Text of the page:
A Complete Victory by a 1% Margin

I just was reading this article about the Pareto principle which you’re probably familiar with, or the 80/20 rule.

The 1 Percent Rule: Why a Few People Get Most of the Rewards

I was just thinking this is good theory to back up why the “BJJ Brick” technique is such a good idea.

In situations like these, being just a little bit better than the competition can lead to outsized rewards because the winner takes all. You only win by one percent or one second or one dollar, but you capture one hundred percent of the victory. The advantage of being a little bit better is not a little bit more reward, but the entire reward. The winner gets one and the rest get zero.


The margin between good and great is narrower than it seems. What begins as a slight edge over the competition compounds with each additional contest.


We can call this The 1 Percent Rule. The 1 Percent Rule states that over time the majority of the rewards in a given field will accumulate to the people, teams, and organizations that maintain a 1 percent advantage over the alternatives. You don’t need to be twice as good to get twice the results. You just need to be slightly better.
So obviously this fits in with the brick move, by having a move which you have refined from being good to great, you could theoretically go from getting not many submissions at all, to a majority — outsized advantages.

This was an email sent to us by John Lehmann in Dallas, Tx

Visiting another school…. Getting the most out of a drop in

Anyone who has trained jiu jitsu for any length of time has probably had the itch to drop in at another school for a visit. Maybe you just want to meet new people, maybe you want to be exposed to a different training environment, or maybe you are just going to be out of town for an extended period of time and visiting another school will be your only opportunity to train. Whatever the reason, visiting another school can be a great experience. It can also be a little intimidating or overwhelming for some people. Whether you are excited about the opportunity or are a little nervous about it – here are a few tips that may help you get the most out of it.
1. Identify as many schools in the area that may be worth visiting. This will give you the best odds of finding one that will be a good fit for you. It sometimes takes multiple web searches to find all the schools in a given area. Sometimes, some schools will show on a search for “BJJ near…” and other schools in the same area will show for “Brazilian Jiu Jitsu near….”. It is also worth just asking around. If you know other people that do jiu jitsu and live in the area you are looking to visit shoot them a text and ask. Jiu Jitsu forums and message boards can also be helpful.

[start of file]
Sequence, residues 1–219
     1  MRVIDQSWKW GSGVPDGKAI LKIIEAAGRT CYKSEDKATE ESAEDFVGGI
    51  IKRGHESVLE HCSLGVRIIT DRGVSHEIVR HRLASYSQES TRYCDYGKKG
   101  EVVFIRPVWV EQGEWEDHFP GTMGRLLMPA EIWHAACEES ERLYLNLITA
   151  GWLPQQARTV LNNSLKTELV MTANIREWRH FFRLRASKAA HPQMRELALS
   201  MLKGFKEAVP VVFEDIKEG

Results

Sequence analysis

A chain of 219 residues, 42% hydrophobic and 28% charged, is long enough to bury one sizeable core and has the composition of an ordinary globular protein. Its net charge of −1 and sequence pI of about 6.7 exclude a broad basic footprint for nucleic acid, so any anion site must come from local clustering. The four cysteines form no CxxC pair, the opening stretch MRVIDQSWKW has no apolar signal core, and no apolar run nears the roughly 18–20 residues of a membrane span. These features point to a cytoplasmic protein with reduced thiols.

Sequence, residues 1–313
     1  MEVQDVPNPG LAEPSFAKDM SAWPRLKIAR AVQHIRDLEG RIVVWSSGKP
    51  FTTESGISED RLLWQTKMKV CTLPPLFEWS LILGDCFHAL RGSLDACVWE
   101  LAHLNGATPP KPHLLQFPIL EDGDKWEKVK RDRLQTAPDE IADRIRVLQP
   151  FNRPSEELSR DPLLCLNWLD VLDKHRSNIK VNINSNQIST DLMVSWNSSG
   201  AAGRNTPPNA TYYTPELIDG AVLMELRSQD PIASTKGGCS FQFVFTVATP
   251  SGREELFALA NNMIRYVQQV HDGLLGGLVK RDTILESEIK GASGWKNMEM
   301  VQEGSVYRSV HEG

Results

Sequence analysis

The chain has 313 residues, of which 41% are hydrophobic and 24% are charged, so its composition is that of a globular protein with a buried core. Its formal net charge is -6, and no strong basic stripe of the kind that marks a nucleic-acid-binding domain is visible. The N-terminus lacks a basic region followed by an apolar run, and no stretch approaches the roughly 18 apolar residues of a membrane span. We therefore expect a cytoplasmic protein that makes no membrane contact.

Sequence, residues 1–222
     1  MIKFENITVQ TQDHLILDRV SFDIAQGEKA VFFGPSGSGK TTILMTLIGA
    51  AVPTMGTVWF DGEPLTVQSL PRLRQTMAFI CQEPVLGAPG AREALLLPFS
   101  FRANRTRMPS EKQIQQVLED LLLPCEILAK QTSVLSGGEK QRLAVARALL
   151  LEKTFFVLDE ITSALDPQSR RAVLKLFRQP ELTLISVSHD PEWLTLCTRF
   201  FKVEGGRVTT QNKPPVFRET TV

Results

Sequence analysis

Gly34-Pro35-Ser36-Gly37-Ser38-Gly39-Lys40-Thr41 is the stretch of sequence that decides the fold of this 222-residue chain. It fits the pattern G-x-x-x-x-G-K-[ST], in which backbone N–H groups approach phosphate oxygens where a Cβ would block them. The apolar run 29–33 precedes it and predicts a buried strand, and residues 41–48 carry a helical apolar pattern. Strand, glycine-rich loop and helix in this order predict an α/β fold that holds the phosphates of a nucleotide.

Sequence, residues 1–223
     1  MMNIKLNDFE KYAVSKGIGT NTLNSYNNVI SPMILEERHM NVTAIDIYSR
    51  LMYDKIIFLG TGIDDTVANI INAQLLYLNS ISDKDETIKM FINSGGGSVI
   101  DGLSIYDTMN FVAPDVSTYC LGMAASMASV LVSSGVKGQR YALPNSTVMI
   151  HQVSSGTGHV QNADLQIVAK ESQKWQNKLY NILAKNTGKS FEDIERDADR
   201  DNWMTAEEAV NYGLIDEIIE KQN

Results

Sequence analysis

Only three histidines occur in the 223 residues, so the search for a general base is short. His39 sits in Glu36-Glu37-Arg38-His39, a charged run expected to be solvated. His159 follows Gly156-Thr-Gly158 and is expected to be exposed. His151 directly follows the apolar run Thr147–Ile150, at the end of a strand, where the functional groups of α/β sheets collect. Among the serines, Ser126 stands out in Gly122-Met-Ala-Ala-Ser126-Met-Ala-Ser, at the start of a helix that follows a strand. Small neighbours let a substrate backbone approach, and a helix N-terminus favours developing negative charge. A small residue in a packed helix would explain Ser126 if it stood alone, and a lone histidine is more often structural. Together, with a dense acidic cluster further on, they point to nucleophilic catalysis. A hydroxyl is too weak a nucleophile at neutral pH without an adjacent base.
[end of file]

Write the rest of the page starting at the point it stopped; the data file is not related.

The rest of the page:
2. Do some research. You can find out a lot about a school by visiting their website, social media sites, checking reviews, and just asking around. You can get a pretty good idea about a school’s jiu jitsu style and the training environment by checking their website and social media and by asking a few questions on the phone or via email/messaging. This will help you find a school to visit that’s right for you.
3. Call ahead. Some information I try to get on a phone call: A) Is the class I’m interested in appropriate for my skill level and open to drop ins? B) What’s the drop-in fee? C) Are there any uniform requirements? Some gyms prefer white gis. D) Make sure I have the correct address and directions.
4. Go with an open mind. No matter how much research you do and how many questions you ask sometimes you show up at a school and find the class is nothing like what you were expecting. You can still have a positive experience and get a lot out of the class…. but this is unlikely to happen if you are not open to trying something new and doing things a different way.
5. Be humble. You don’t have anything to prove to anyone and most people don’t like a visitor coming in and trying to be king of the mat. Start off slow and loose during sparring. With each round as you get to know the group and they get to know you, you can ratchet it up a notch. I’d rather leave the class feeling like I didn’t do my best jiu jitsu than leave the class feeling like I wouldn’t be welcomed back.
6. Make some connections. Jiu Jitsu is largely about the journey and the friends you make. At a minimum, make a social media connection so you can follow them and keep in touch. If things went well and you felt like things really clicked, exchange contact information. You never know when you’ll be back in the area or when someone from that school might be in your area and you can get together again for some training.
7. Leave the school a good review online. It’s not easy building a team and running a business. Good reviews help. If they treated you well and you were able to get some quality training in, the least you can do is take five minutes to leave them a good review.
One final thought: The visit will be what you make. Some things are out of your control—the size of the school, how accomplished the instructor is, the skill level of the other students on the mat, etc. However, you do have control over your attitude, your effort level, your preparation before the visit, etc. Put as much effort into finding the right school and properly preparing for the class as you do once you get there and you will have an awesome visit.
Train hard. Train smart. Get better.

By Joe Thomas Find more articles by Joe Thomas here

Live Sparring/Free Rolling: Get more out of it than just a good fight

Live sparring, for most of us, is why we do jiu jitsu. Live sparring is where things get fun, where we pressure test our techniques, and where we find out which moves work for us and which might not. Live sparring, however, is not the easiest environment for newer students to make technical improvements in their jiu jitsu. Here are a few suggestions that might help.

Check your ego. This advice is repeated so often that it has become a bit cliché, but at no time on the mats is it more applicable than during live sparring. Not having your ego in check can cause a you to make choices on the mat that can be detrimental to your progress. Some examples would be: Not rolling with teammates (especially those of lesser rank) who frustrate you and/or tap you often. Not rolling when you’re tired so as not to get beat by a lesser skilled, but fresher or more athletic teammate. Not taking chances or trying new techniques that might leave you vulnerable.